rapidly progressive glomerulonephritis

(redirected from Rapidly progressing glomerulonephritis)


a variety of nephritis characterized by inflammation of the capillary loops in the glomeruli of the kidney. It occurs in acute, subacute, and chronic forms and may be secondary to an infection, especially with the hemolytic streptococcus.
Histologic appearance of acute glomerulonephritis. A, Normal glomerulus. B, Glomerulonephritis. The glomerulus appears hypercellular and the capillaries are narrowed or occluded. From Damjanov, 2000.
diffuse glomerulonephritis a severe form of glomerulonephritis with proliferative changes in more than half the glomeruli, frequently with epithelial crescent formation and necrosis; it is often seen in cases of advanced systemic lupus erythematosus.
IgA glomerulonephritis IgA nephropathy.
lobular glomerulonephritis (membranoproliferative glomerulonephritis) a chronic glomerulonephritis characterized by mesangial cell proliferation and irregular thickening of the glomerular capillary wall. There are two subtypes: Type I is marked by subendothelial deposits and activation of the classic complement pathway. Type II is marked by heavy deposits in the glomerular basement membrane and activation of the alternative complement pathway. Both types occur in older children and young adults and follow a slowly progressing course with irregular remissions ultimately resulting in renal failure.
membranous glomerulonephritis a form characterized by proteinaceous deposits on the glomerular capillary basement membrane or by thickening of the membrane, with circulating antigen-antibody complexes indicating immune complex disease; it may be secondary to any of numerous other conditions. In some cases it may develop into the nephrotic syndrome. Called also membranous nephropathy.
mesangiocapillary glomerulonephritis membranoproliferative glomerulonephritis.
rapidly progressive glomerulonephritis acute glomerulonephritis marked by a rapid progression to end-stage renal disease and histologically by profuse epithelial proliferation, often with epithelial crescents; principal signs are anuria, proteinuria, hematuria, and anemia. Plasmapheresis or high doses of corticosteroids may lead to recovery of renal function.
Miller-Keane Encyclopedia and Dictionary of Medicine, Nursing, and Allied Health, Seventh Edition. © 2003 by Saunders, an imprint of Elsevier, Inc. All rights reserved.

rap·id·ly pro·gress·ive glo·mer·u·lo·ne·phri·tis

glomerulonephritis usually presenting insidiously, without preceding streptococcal infection, with increasing renal failure leading to uremia within a few months; at autopsy the kidneys are of normal size, numerous glomerular capsular epithelial crescents are present, and antiglomerular basement membrane antibodies are frequently found.
Farlex Partner Medical Dictionary © Farlex 2012

rapidly progressive glomerulonephritis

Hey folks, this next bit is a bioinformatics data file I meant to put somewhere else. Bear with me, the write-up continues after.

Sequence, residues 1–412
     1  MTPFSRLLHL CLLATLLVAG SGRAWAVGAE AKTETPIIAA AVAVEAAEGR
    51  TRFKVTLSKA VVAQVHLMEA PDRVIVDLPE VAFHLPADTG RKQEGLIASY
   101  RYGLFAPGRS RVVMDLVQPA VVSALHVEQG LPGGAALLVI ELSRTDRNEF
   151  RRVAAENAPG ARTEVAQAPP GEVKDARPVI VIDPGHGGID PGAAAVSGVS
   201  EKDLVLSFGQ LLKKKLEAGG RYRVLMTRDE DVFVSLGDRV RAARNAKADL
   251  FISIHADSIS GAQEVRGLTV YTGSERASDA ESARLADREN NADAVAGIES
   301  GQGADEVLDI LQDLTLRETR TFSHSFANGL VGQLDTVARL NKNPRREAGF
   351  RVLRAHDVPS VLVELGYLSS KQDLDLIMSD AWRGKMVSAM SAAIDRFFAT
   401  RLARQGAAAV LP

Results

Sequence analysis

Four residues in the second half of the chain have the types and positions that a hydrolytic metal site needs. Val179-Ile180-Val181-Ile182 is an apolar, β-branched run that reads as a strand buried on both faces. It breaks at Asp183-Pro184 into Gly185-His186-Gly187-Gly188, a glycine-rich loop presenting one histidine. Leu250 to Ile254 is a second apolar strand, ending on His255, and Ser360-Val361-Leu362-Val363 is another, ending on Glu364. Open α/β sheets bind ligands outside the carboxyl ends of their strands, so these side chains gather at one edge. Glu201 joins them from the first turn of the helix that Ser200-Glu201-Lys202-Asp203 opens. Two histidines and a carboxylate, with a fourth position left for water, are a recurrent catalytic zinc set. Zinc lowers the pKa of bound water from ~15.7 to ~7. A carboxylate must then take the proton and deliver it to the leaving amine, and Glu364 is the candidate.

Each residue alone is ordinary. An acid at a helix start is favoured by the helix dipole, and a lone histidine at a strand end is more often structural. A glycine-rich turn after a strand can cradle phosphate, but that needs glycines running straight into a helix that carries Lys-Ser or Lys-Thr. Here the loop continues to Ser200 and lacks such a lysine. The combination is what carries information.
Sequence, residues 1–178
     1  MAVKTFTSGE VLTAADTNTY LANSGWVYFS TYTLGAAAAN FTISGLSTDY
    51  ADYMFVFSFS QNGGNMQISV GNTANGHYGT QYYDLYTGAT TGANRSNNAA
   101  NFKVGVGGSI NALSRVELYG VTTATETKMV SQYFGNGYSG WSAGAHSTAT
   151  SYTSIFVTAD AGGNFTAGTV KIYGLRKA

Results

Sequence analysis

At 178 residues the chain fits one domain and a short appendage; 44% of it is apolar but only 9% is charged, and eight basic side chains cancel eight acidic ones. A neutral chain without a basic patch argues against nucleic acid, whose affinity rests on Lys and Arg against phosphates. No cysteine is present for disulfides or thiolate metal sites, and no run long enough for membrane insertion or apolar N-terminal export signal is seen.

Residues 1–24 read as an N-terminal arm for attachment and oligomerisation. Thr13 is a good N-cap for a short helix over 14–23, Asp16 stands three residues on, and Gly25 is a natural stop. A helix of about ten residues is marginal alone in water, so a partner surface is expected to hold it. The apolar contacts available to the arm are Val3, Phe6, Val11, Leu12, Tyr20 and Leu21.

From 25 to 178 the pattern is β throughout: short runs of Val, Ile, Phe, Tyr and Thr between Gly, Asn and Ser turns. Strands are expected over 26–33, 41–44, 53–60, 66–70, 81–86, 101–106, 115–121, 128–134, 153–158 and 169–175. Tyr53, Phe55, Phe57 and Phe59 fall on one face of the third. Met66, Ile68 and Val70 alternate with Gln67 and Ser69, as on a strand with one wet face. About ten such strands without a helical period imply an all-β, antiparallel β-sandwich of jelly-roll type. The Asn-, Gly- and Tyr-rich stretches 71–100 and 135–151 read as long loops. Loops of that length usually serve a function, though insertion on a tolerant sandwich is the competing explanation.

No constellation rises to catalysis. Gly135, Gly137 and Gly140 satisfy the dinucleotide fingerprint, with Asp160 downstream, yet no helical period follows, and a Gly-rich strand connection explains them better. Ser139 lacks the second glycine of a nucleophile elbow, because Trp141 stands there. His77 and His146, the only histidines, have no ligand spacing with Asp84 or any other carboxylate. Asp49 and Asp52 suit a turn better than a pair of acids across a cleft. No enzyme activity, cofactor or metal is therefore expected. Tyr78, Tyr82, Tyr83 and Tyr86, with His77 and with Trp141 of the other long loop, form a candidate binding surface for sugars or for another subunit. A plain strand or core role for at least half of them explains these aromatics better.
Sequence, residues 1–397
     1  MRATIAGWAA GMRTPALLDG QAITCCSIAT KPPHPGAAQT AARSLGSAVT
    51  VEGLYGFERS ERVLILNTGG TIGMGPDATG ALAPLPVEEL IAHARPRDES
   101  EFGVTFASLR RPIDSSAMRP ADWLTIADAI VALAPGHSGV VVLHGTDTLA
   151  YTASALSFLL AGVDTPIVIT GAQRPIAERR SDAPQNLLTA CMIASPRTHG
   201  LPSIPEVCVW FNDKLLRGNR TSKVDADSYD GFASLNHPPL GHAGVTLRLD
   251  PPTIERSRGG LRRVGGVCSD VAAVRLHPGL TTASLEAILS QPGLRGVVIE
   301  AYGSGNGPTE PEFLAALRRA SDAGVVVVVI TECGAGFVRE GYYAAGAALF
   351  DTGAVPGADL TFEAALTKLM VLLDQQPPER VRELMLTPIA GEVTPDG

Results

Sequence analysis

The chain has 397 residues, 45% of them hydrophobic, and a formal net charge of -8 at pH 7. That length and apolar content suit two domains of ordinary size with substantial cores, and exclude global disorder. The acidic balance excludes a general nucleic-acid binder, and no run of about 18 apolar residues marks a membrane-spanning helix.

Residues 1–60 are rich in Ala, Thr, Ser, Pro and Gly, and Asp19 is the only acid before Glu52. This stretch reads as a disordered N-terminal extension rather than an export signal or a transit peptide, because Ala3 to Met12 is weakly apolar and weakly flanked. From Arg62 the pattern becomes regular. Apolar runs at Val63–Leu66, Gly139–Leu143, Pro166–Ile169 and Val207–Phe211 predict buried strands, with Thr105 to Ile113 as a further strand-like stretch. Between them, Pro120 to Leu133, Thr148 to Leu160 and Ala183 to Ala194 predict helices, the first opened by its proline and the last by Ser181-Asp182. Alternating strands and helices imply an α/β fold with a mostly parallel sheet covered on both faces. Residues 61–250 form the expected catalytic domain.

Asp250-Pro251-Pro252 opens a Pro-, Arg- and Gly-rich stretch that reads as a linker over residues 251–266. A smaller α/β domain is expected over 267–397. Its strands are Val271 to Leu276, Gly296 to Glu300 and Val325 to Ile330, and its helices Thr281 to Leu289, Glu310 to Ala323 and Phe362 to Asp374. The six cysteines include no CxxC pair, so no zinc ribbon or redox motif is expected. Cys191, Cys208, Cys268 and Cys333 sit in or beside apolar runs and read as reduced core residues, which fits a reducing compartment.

Crescentic glomerulonephritis, membranous glomerulonephritis, necrotizing glomerulonephritis Nephrology A type of kidney disease characterized by a rapid loss of renal function, with crescent-shaped deposits in at least 75% of glomeruli seen on kidney biopsies Clinical Acute nephritic syndrome or unexplained renal failure with progression to ESRD; RPGN occurs in ±1/10,000 people, especially between age 40 and 60 Associated diseases Vasculitis, polyarteritis, abscess of internal organ(s), collagen vascular disease–eg, SLE, Henoch-Schönlein purpura, Goodpasture syndrome, IgA nephropathy, membranoproliferative GN, anti-glomerular basement membrane antibody disease, Hx of malignancy or blood or lymphatic disorders, and exposure to hydrocarbon solvents. See End-stage renal disease, Glomerulonephritis.
McGraw-Hill Concise Dictionary of Modern Medicine. © 2002 by The McGraw-Hill Companies, Inc.

rapidly progressive glomerulonephritis

Abbreviation: RPGN
Any glomerular disease in which there is rapid loss of renal function, usually with crescent-shaped lesions in more than 50% of the glomeruli.
Medical Dictionary, © 2009 Farlex and Partners
References in periodicals archive ?
A 9-year-old female patient who was being followed up in a continuous ambulatory peritoneal dialysis program (CAPD) for one year because of chronic renal failure (CRF) which developed secondary to rapidly progressing glomerulonephritis presented with complaints including headache, confusion and seizure.
The disorder is manifested by granulomatous necrotizing inflammatory lesions of the upper or lower respiratory tract, or both simultaneously, and usually accompanied by rapidly progressing glomerulonephritis (RPGN).
Manzi suggested that appropriate patients for mycophenolate mofetil treatment are going to be those without rapidly progressing glomerulonephritis, who were excluded from the study, for whom there might be a risk of infection during the treatment, and, maybe more importantly, women of childbearing age.

Full browser ?